16 February 2017
Growing Pains: Have You Outgrown Your Accounting Package?
It might sound strange, but one of the most common causes of business failure is success. Or at least, not having systems that cope with the growth that success brings. This is where an enterprise resource planning system (ERP) can come in.
After working so hard to build a business, taking the next step can be more daunting than it was to get started. Now you have more to lose.
In the early days, managing information is easy. A combination of spreadsheets, simple bookkeeping applications and a personal knowledge of customers is a winning formula. Until there are more customers than it is possible to easily keep track of, additional suppliers to deal with, and more employees on the books.
What typically happens is the hiring of more admin staff to keep track of everything. This fixes it for a while, but with more growth comes more complexity. It gets harder to see the business as-a-whole. In most industries, intense competition means there is not enough margin to withstand such inefficiencies.
What is an ERP?
An ERP is an information management system that integrates all the important parts of your business. Finance, HR, planning, purchasing and sales, all in one place. Once your business hits a certain size – for TechPath it was six employees – an ERP is both a survival tool and a growth opportunity.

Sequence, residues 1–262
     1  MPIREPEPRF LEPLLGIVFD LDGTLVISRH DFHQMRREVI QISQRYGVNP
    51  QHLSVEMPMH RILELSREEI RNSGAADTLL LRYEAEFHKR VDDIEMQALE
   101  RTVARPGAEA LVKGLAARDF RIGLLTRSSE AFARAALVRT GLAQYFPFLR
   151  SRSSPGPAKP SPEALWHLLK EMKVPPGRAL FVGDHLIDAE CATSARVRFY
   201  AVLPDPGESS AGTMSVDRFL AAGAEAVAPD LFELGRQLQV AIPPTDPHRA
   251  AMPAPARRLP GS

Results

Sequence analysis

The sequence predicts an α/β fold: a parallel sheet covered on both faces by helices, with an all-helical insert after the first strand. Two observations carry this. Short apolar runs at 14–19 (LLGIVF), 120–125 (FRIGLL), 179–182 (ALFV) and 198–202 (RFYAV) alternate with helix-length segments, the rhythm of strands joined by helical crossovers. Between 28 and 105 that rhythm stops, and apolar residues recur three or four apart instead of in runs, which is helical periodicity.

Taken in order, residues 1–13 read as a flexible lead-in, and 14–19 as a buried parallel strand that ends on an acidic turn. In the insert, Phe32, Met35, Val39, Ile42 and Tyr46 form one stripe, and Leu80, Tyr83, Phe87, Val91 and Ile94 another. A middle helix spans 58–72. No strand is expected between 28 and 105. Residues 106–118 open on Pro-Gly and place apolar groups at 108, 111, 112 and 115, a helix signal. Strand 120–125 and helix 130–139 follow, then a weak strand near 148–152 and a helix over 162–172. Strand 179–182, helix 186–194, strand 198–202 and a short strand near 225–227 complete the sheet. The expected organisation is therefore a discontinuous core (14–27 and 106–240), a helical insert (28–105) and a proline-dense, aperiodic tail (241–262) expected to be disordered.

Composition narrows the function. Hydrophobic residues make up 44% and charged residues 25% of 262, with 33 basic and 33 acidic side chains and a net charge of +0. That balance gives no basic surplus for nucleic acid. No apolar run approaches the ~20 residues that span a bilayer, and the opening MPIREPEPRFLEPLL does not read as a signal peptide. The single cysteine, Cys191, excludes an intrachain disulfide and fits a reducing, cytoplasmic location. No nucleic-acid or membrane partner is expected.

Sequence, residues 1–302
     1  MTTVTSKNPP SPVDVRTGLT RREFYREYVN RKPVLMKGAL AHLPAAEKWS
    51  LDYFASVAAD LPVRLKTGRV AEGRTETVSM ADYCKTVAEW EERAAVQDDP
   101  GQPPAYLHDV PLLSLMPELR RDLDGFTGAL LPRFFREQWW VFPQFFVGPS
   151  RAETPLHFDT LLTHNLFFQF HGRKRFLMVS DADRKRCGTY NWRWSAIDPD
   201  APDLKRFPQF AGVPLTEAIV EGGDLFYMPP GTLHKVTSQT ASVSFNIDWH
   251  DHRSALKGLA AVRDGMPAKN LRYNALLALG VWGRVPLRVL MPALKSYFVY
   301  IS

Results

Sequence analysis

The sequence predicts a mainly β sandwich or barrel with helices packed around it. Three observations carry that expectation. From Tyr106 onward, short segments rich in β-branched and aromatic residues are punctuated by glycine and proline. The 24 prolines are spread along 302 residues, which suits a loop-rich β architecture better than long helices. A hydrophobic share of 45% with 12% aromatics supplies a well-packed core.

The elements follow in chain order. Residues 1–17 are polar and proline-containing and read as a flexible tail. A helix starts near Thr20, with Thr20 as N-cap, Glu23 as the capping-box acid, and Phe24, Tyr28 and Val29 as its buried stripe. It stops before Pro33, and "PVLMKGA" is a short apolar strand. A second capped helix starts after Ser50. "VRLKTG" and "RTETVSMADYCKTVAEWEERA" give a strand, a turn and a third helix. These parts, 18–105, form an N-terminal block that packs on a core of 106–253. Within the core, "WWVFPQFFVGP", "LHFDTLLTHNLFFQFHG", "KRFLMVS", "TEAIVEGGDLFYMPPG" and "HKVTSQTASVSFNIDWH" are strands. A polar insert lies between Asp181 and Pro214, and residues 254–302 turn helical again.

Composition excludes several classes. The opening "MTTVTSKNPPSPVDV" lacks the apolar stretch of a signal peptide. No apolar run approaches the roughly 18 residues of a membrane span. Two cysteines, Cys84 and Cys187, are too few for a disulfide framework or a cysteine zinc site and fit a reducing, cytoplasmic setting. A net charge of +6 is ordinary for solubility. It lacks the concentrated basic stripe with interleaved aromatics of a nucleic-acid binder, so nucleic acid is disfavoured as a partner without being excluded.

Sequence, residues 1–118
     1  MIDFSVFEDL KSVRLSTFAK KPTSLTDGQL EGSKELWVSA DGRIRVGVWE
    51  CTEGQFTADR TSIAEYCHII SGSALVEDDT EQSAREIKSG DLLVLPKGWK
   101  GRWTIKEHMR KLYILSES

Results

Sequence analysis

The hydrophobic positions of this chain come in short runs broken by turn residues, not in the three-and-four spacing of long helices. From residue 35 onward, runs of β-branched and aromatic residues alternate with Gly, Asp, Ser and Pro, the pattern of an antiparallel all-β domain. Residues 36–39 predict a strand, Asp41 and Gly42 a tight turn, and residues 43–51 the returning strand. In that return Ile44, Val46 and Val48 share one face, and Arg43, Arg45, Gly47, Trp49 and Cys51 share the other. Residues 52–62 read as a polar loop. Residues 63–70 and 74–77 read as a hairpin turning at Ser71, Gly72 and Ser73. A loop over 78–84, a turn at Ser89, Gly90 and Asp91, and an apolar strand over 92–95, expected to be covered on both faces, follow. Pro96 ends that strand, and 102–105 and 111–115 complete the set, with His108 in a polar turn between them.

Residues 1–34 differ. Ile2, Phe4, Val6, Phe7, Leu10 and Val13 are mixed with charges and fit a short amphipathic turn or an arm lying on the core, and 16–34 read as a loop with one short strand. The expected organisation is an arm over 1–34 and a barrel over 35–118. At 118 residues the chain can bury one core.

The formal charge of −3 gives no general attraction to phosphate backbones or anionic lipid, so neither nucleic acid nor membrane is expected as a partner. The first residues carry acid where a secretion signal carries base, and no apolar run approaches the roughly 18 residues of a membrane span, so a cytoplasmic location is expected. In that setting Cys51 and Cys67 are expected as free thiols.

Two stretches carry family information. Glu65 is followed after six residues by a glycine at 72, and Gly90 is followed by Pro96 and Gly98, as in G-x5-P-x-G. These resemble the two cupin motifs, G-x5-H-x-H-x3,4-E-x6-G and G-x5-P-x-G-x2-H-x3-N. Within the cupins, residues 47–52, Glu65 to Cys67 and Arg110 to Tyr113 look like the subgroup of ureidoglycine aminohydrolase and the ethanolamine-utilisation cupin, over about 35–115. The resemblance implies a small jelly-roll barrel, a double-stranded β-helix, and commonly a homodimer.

An ERP used to mean investing in IT infrastructure before even thinking about the cost of software licences. Cloud-based platforms have made that a lot easier – no servers, no big up-front costs, and lower financial commitment. Businesses pay on a per-month, per-user basis.
What does this mean in practical terms?
Imagine that you’re speaking with a customer. You can have information about everything from their previous orders, payments, available stock, special pricing, even emails or social media exchanges. You can access that instantly on your mobile or tablet, as easily as from your desk and you can confirm delivery, schedule projects, even invoice them on the spot.
Even without the infrastructure costs, an ERP is an investment. When looking at the overall costs, it is worth comparing to the cost of admin staff, and the cost of inefficiency. Having your business systems integrated reduces human error, and when you’re building – or keeping – a hard-earned reputation, mistakes are costly.
With a little expert help to get your systems integrated and automated, there is a path to growth without the administration headache. When the time comes to increase staff numbers, it won’t be administrators to manage the complexity – it will be customer service, sales, or product development. Your investment in people will reap sustainable growth.